Date of Award
Doctor of Philosophy
Ground water used in conjunction with a heat pump is a cost effective source of heating and cooling. Regional planning for ground water heat pumps is a new direction in energy planning.;Use of ground water for heating and cooling should be based on the potential for the landscape to support a heat pump system. Some locations are better suited for ground water heat pump placement than others. A method to assess and categorize geographic areas according to their capabilities to support the use of ground water source heat pumps is presented. Landscape parameters such as ground water availability, topography, bedrock geology, geomorphology, soil, and soil percolation rates are assessed to classify land for heat pump suitability.;The method of appraising suitability involves placing the seven parameters into a ground water heat pump suitability matrix. Each parameter is assigned an importance unit value which remains fixed throughout the classification. Parameter weightings vary for 1 sq km cells and are dependent upon the quality of the parameter to support a successful heat pump site. A suitability rating is calculated for each cell by multiplying the Parameter Importance Unit values of each cell by the assigned weightings. The values of the seven parameters are summed to obtain a rating for each cell. The ratings are classed as High, Moderate, or Low Suitability.;The classification is tested on the 1,400 sq km Region of Waterloo, Ontario, Canada. Results are presented in the form of a map which is intended to serve as a basis for regional planning of ground water heat pump systems. The results for the Region of Waterloo study show 19 per cent of the Region is of High, 41 per cent is Moderate, and 40 per cent is Low Suitability.;The classification system should advance the orderly development of ground water heat pump systems. The classification method is transferable because of the method of parameter importance assessment. The physical diversity from region to region can be considered by assigning a numerical weighting to each of the seven parameters.;If a regional view of energy use can be seen prior to urban development, wise ground water use and re-use can be considered. Wise ground water use implies both maximization of the resource potential in places where it benefits can outweigh those of other energy systems, and protection of the ground water resource from overuse and deteriorating quality.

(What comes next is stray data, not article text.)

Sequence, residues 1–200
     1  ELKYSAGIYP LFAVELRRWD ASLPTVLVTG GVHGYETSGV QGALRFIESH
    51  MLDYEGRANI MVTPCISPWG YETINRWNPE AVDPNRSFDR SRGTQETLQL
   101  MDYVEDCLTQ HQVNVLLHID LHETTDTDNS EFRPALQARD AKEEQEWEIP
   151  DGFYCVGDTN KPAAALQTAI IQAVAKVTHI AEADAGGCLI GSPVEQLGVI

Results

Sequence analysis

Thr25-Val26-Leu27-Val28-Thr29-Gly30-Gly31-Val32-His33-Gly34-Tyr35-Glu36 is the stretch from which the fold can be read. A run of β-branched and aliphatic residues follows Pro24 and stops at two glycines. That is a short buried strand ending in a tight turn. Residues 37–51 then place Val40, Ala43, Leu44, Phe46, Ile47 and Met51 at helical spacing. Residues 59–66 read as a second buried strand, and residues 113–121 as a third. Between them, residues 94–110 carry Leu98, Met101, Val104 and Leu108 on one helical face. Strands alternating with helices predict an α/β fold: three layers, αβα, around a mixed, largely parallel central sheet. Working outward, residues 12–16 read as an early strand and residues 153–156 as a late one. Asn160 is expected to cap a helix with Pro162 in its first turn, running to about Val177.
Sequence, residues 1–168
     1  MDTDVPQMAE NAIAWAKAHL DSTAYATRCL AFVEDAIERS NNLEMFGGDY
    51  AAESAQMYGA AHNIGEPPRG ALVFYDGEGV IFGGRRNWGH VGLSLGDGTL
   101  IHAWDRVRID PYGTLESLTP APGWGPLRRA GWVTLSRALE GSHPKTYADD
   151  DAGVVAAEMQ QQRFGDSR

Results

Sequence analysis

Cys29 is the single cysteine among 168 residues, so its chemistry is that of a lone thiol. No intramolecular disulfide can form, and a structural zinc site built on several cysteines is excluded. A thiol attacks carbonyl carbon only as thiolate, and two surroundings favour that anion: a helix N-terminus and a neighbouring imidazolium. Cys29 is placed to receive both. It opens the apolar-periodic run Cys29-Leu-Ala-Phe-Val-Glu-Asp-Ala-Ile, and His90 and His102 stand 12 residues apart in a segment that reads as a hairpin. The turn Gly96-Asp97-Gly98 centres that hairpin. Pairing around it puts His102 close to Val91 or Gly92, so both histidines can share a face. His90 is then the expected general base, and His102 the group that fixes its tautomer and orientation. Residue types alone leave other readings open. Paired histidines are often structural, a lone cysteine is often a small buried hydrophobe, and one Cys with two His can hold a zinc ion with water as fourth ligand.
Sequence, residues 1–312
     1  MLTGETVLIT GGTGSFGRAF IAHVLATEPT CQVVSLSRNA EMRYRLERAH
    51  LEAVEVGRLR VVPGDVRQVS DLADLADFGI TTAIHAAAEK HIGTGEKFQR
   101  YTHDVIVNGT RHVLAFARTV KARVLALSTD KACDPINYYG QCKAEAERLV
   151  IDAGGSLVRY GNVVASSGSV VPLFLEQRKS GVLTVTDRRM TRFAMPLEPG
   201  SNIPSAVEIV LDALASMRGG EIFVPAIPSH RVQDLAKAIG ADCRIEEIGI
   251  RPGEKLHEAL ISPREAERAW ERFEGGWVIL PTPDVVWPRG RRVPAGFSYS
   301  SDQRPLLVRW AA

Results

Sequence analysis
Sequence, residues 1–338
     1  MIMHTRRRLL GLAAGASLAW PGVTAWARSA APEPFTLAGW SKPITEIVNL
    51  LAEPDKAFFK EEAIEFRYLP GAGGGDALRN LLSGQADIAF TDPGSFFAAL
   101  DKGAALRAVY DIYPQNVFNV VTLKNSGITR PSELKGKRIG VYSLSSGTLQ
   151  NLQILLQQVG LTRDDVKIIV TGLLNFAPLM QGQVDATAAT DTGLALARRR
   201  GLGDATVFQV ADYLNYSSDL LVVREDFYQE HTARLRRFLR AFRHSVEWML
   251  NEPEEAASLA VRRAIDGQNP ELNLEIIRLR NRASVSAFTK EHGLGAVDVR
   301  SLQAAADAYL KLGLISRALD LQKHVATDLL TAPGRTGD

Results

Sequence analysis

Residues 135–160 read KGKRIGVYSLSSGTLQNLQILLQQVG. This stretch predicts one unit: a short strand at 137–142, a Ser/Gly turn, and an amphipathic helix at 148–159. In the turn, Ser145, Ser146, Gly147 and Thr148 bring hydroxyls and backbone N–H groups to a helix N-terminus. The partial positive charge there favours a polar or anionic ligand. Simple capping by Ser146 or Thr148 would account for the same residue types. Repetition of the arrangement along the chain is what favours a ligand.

McKenzie, David Ian, "Groundwater Heat Pump Suitability Mapping: Theory, Procedure And Assessment" (1988). Digitized Theses. 1750.